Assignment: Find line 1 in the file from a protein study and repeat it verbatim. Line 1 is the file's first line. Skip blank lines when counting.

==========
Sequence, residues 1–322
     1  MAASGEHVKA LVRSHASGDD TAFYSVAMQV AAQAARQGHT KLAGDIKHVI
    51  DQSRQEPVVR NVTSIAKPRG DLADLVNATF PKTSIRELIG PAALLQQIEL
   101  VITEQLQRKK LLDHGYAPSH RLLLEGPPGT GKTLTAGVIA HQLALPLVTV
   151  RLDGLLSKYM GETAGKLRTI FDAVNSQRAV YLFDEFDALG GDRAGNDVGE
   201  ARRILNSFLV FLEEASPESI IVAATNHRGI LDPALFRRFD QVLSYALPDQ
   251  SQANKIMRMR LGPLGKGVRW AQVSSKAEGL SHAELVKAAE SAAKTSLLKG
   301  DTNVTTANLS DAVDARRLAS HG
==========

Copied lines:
Sequence, residues 1–322